Scientists at Florida State University are examining the mechanics behind oil transport, including changes to Sea Surface Temperature (SST) and the roughness of surface water that an oil slick could affect.

They found that a slick, by increasing SST gradients and decreasing surface roughness, had the potential to change “boundary layer processes.” These changes could influence wind speed, divergence, spin, and transport direction and “hence oil motion itself.” Researchers published their findings in the March 2013 issue of the Journal of Applied Meteorology and Climatology: Influences of sea surface temperature gradients and surface roughness changes on the motion of surface oil: A simple idealized study.

Heavy band of oil seen during an overflight in the Gulf of Mexico on May 12,2010. (Credit: NOAA)

Oil on surface water makes the surface smoother than it would be if no oil were present, causing winds that blow over an oil slick to experience less friction than when the surface is oil free. Oil absorbs more sunlight than water, causing surface temperatures to be hotter over an oil slick than over water where there is no oil. These effects of oil on “air-sea boundary surfaces” are not currently accounted for in transport prediction models. So, using the University of Washington planetary boundary layer (UWPBL) model, researchers set up a “highly idealized simulation,” with conditions similar to those during the Deepwater Horizon incident, and incorporated parameters for the small-scale processes of SST gradients and surface water roughness. Understanding the effect of these two processes on oil movement could improve predictions of its path, making for better response efforts.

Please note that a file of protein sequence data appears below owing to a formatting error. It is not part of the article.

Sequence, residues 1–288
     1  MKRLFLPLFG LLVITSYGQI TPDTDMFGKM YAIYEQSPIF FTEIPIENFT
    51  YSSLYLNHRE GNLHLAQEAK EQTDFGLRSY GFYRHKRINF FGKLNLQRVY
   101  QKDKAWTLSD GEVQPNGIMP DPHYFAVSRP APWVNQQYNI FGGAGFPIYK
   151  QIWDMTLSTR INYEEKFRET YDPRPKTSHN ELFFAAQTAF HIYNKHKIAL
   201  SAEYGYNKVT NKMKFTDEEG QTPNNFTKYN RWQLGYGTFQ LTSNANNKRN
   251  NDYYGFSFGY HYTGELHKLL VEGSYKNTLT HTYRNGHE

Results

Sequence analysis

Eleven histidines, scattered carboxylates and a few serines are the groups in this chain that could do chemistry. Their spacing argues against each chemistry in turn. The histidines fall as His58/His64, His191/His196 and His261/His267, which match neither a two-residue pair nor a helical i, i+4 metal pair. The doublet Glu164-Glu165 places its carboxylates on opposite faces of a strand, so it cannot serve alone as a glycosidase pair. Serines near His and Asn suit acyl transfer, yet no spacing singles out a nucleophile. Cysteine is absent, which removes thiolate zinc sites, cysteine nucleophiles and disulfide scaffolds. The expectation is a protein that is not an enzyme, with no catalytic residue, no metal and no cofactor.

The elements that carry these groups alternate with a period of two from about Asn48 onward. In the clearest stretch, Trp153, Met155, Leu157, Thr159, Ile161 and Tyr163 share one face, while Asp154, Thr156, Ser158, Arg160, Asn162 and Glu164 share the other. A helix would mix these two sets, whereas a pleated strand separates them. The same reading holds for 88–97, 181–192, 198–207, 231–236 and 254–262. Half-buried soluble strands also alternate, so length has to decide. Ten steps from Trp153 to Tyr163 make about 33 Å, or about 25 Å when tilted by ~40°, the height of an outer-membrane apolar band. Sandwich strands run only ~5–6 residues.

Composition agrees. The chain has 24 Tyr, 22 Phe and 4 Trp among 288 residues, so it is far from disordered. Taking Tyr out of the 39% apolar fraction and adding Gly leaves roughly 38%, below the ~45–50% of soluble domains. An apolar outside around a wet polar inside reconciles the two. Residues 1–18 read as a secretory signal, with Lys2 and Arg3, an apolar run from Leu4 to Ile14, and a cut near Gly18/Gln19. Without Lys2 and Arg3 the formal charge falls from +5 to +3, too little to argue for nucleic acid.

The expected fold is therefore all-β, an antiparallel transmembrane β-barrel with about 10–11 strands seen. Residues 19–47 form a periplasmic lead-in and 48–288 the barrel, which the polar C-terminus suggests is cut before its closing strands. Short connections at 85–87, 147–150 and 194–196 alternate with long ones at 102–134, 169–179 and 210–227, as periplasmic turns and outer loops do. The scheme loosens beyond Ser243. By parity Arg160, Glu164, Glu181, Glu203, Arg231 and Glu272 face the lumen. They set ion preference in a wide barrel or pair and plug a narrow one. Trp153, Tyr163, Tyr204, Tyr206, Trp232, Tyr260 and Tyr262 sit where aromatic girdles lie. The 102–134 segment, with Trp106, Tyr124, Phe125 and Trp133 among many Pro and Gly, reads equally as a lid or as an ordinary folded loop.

The simulations indicated significant connections between increasing SST gradients and changes in surface roughness with changes in wind and transport, influencing the direction and speed of surface-oil movement.  Changes in surface roughness caused wind speed to increase over an oil slick because a slick “strongly dampens the surface water waves that dominate the roughness.” Additionally, the effects of an oil slick on surface wind divergence (flow of air that causes a downward motion) and wind stress curl (vertical transport due to upwelling over a horizontal distance) caused changes in atmospheric and oceanic secondary circulations.  Results indicated a linear relationship between “the magnitude of SST gradients” and increased changes to “wind stress curl and Ekman transport [currents driven only by wind] in the transition zones [of oil-free water and an oil slick].” Results also showed that changes in surface roughness and SST gradients produced a “net convergence in the surface oil area, which can cause contraction of the surface oil.” Higher SST gradients were closely associated with “both the direction and speed of surface oil movement.”

In their discussions, the researchers suggested that their findings on the “influence of strong SST gradients and changes in surface roughness could be important to the motion of the oil slick itself” and “may be useful for building complex oil-tracking forecast models.” They also advised that “results should be validated with field data.”

The study authors are Yangxing Zheng, Mark A. Bourassa, and Paul Hughes (Journal of Applied Meteorology and Climatology, 2013, 52, 1561–1575).

This research was made possible in part by a Grant from BP/The Gulf of Mexico Research Initiative (GoMRI) to the Deepsea to Coast Connectivity in the Eastern Gulf of Mexico (DEEP-C) Consortium. The GoMRI is a 10-year, $500 million independent research program established by an agreement between BP and the Gulf of Mexico Alliance to study the effects of the Deepwater Horizon incident and the potential associated impact of this and similar incidents on the environment and public health.

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